How much of art’s perceived inferiority or superiority is determined by method of release?

In the latest episode of The Flickcast, hosts Chris Ullrich and Joseph Dilworth Jr. are discussing the latest Star Wars movie when the conversation touches on the perceived value of independent art.

Ullrich: I’m starting to worry that we’re going to be inundated with all these genre movies and people are going to get burned out. How many superhero movies do we have coming out in the next ten, fifteen years? Thousands?

Dillworth: Yes, at least a thousand.

Ullrich: […] There is a potential for a sort of superhero burnout.

Dillworth: Do you think this will marginalize or push out the, say, your Interstellars? Maybe that’s not a good example, but your smaller, independent movies? Do you think independent movies are now a thing of the internet, or do you think they still have a place in theaters?

Ullrich: I think the way it works right now, you still want to get your independent movie in a few theaters if you can, but at some point there won’t be a need for it. But it’s like anything that — it’s like writing a novel. You know, if you publish your novel on Amazon, or self-publish it, you’re not really an — I mean people think you’re not really an author, sometimes, so I think there’s still some cache, if you will, of having your  movie out in theaters.

My first instinct was to disagree – as a viewer of movies, at least. “No, no. Being in a theater doesn’t make the movie better.”

But I had to admit that … well, it does make it seem better.

photo(7)Ullrich and Dilworth use Nightcrawler (Jake Gyllenhaal), currently the top grossing movie in theaters, as an example of a comparatively low budget film that, because of its smaller production company, could just as easily have gone straight to video. Because it didn’t, it’s receiving a good amount of attention and could be a contender for an award.

Had Nightcrawler gone straight to video, it probably wouldn’t have been received quite so enthusiastically.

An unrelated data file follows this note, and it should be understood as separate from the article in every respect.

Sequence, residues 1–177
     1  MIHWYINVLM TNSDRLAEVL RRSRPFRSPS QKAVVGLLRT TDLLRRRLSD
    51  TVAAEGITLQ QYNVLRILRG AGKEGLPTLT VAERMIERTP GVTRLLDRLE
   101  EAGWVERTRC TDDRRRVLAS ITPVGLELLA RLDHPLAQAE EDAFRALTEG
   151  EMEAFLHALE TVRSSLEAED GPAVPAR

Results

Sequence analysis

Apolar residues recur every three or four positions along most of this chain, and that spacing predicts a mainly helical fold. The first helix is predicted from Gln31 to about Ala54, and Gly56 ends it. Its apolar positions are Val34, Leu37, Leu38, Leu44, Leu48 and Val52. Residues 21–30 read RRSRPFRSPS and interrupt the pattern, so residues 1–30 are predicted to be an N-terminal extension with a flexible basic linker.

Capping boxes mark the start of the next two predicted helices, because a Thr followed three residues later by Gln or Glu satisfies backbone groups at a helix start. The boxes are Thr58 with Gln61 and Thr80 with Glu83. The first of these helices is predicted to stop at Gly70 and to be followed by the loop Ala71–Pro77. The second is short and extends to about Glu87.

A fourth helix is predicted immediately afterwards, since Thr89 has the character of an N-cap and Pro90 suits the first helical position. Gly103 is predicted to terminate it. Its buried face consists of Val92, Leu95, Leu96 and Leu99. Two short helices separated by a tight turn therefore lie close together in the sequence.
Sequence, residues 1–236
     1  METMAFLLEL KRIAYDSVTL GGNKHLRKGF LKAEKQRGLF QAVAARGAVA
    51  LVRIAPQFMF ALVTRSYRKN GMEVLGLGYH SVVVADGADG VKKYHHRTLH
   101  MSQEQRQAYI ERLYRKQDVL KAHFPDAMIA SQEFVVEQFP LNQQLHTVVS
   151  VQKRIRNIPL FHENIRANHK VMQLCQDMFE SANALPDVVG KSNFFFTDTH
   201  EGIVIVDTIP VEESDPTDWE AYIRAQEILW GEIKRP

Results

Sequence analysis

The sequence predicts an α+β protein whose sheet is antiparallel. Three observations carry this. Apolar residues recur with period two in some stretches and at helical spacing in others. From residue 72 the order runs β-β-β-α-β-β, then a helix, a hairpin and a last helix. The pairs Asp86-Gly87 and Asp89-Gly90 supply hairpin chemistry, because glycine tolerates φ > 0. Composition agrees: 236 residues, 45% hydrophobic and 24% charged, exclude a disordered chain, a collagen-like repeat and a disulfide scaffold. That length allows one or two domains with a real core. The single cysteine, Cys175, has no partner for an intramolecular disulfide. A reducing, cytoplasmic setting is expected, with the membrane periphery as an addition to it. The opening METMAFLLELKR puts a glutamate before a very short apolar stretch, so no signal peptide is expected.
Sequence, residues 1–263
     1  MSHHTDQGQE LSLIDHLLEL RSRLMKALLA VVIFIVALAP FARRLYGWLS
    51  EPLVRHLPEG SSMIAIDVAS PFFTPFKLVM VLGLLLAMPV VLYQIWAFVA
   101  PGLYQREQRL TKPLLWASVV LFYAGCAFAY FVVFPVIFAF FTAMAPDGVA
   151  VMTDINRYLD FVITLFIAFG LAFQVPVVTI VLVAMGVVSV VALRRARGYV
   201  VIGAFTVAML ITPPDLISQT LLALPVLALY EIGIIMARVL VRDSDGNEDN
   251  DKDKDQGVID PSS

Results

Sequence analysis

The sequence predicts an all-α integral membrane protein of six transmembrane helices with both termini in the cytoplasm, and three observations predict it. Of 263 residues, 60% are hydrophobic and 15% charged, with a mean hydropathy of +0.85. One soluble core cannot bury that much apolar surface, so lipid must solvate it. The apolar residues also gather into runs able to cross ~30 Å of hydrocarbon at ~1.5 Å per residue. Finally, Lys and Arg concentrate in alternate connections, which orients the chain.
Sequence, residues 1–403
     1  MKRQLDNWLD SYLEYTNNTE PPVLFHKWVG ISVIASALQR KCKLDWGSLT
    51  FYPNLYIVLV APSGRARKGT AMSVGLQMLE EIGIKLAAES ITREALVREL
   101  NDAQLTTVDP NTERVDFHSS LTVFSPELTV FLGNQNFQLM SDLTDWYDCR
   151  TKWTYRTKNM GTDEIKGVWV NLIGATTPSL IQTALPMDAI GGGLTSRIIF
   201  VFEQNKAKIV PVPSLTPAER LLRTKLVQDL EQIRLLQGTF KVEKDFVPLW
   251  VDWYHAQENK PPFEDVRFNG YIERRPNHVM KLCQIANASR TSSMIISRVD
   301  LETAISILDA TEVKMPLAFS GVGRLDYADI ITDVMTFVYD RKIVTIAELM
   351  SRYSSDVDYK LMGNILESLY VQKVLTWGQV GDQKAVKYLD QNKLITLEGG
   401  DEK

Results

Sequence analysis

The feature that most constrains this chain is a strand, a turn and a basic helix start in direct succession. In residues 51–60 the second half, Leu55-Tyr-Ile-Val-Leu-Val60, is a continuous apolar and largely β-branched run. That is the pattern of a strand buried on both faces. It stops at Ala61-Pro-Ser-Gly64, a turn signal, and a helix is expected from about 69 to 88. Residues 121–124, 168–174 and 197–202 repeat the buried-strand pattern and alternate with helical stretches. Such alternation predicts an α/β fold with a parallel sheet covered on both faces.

I know I, as a Gyllenhaal fan, would have wondered what had happened. Why was he doing straight-to-DVD movies? Had he pissed off a producer? Was TV next? He used to be so good

It made me wonder just how persuasive the packaging of a movie is when it comes to influencing its reception. Not its initial reception – not the number of people who elect to see it – but the opinions of the movie once seen. All else being equal, would Nightcrawler have been so highly praised had it gone straight to DVD? Or would the not-so-grand release method have created negative preconceptions that would taint the viewers’ opinion of the story, the writing, even the cinematography?

I’d be interested to see research analyzing the effects of expectations on forming opinions. (Well, there is this.) I can’t help but think that in many cases – and I’m guilty of this, too – it probably goes something like this:

A painting on the sidewalk: “Oh, it’s good, I suppose.”
The same painting in a gallery: “Ten thousand? I’d have paid twenty.”

A self-published book: “It’s okay. You know, for self-published.”
The same book released by a major publishing house: “Genius.”

Straight to DVD: “It was a good way to kill an hour and  a half. Not bad for straight-to-DVD.”
In the theater: “Seriously great.”

Moby Dick was a flop in Melville’s lifetime. Now it’s one of the great American novels. Students assigned to read it are compelled by their instructors to find that greatness in it.

Do movie theaters, art galleries, and publishing houses do the same?

And how did music get let off the hook? (Or did it?)

Kristen Tsetsi is the author of The Age of the Child: a birth control ban, vigilantes on the hunt for unfit parents, and a birth explosion in one generation; parent licensing as a consequence in the next. Kristen’s 5On interview series at JaneFriedman.com offers behind-the-scenes insights into all things writing and publishing.

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